One of the key issues of Ferrence’s campaign is that of economic justice and equity. Like Gnibus, his first topic was jobs and the economy.
“Ranking 56th out of 67 (counties in per-capita income) is not good, obviously, and it’s been consistent for a long time, ” Ferrence said. “The point I would make to that is that’s not by accident. If you look at the history of Appalachia or the history of the Rust Belt post-industrial areas, what you see is that the people have been used as commodities to be exploited.”
Ferrence’s second topic was that of education, which he used to criticize his opponent, Brad Roae.
“You have been shortchanged another hour tonight that Brad Roae is not here tonight, because he decided that … instead of coming to participate in a forum sponsored by the college that is a cultural, economic, community foundation, he would instead criticize the CPP for being biased simply because I work here,” Ferrence said. “The reality of him as a representative has been phenomenally toxic to education at all levels.”
Emma Godel, ’21, is a CPP fellow and moderated Kristy Gnibus’ forum alongside Allison Peasly, ’23. She said that all four candidates received the same email inviting them to the event and noted that the CPP is a neutral organization that does not favor any one candidate.
“It’s important to note that Dr. Ferrence’s position here at the college preexisted that of his candidacy,” Godel said. “Those are two separate entities and if (Ferrence is) elected I assume he will assume two separate roles — that is, one at the State House and one here at the college.”
Ferrence’s final topic before the floor was opened for the town hall was healthcare. He pointed to local medical centers as evidence that there was a need for what he called, “a radical change in the way we provide healthcare for everyone.”
“Seventy percent of the billing at Meadville Medical Center comes from individuals who need services who are either on Medicaid or medical assistance in some way,” Ferrence said. “(This) means that 70%, ultimately, of the patients at the medical center cannot afford private insurance on the open market.”
At the state level, Ferrence believes in a single-payer system sponsored by the state. He pointed to a current bill at the State House, which would tax the employer 10% and the employee 3%, as an example, and did the math on his own insurance costs.
“In (my) particular case, if we went to 3%, my family medical costs would drop to $2,500,” Ferrence said. “My family would save almost $5,000 off the top by having a new tax of $2,500. My employer would save more than ($7,000).”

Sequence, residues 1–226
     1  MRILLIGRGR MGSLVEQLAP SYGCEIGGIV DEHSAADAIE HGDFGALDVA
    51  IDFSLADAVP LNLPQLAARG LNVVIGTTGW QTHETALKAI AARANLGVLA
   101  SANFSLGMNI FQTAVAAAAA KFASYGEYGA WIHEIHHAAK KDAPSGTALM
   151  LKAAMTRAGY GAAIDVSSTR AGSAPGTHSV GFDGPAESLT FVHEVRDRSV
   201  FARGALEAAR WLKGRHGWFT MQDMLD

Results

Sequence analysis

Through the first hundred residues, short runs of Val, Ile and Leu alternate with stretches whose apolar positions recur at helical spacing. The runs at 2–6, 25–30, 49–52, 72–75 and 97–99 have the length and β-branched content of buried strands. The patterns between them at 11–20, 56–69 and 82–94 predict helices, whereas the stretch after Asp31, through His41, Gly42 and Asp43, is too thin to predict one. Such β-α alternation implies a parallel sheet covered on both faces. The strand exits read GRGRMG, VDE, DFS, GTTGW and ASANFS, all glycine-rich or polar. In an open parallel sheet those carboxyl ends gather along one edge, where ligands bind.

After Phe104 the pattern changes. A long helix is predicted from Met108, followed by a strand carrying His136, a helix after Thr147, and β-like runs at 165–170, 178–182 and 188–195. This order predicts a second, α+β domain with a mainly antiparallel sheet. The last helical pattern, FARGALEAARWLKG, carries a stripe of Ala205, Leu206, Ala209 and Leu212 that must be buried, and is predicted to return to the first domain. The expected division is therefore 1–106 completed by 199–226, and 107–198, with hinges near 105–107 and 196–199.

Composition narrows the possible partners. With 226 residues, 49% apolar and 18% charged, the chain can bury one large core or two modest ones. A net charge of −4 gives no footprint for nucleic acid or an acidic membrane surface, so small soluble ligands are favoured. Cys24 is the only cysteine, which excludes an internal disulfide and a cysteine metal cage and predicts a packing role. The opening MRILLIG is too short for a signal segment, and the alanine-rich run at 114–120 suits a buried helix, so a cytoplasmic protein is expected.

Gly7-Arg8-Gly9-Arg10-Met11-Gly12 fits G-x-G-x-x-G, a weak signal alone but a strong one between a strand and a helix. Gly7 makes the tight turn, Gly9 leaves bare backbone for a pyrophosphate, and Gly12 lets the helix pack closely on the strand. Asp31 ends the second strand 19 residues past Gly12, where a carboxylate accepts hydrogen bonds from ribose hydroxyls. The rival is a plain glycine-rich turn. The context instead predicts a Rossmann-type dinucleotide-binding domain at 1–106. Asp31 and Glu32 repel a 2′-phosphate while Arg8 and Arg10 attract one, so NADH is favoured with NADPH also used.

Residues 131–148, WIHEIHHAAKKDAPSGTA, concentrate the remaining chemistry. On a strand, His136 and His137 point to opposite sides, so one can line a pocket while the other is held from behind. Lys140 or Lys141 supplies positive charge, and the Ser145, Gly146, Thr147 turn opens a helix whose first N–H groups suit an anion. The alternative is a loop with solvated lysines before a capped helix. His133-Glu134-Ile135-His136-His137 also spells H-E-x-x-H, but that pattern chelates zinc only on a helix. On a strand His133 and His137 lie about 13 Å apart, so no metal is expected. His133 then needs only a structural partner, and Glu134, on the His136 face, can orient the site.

Like Gnibus, Ferrence fielded questions on a wide variety of topics from gerrymandering to reopening the local economy. In response to a question from Professor Harward, Ferrence noted that the demographics of the 6th district would be an advantage when making deals with Republican legislators.
“Representing a rural, Republican area would give a unique position in the house to be a dealmaker and a bipartisan strength,” Ferrence said. “The issues that the constituents I would have would face in Crawford and Erie County would be very similar to other constituents who are Republicans … Suddenly you have the ability to talk about issues with legislators in different ways. The longer, harder answer to that is, we’ve got to find a way to change the tenor of what’s happening in Harrisburg … to try and break down that intractability.”
This was not the CPP’s first virtual or socially-distanced event. Two weeks ago, the center hosted Anne Geran, ’85, White House correspondent for the Washington Post, and Quigley Hall has played host to socially-distanced debate watch parties and town halls on local and global issues.
“We haven’t been doing nearly as many events as we have in the past, and I don’t think that’s necessarily a bad thing,” Godel said. “All of us are focused on our health and navigating a completely new environment … We regularly get tested for COVID-19, and we want to make sure those tests remain negative.
Professor Matthew Ferrence and Representative Brad Roae will both participate in a live question-and-answer forum at 7 p.m. on Oct. 27, hosted by the Meadville Tribune. The event will be broadcast on Armstrong cable channels 23 and 100, WMVL-FM, and Cool 101.7 FM.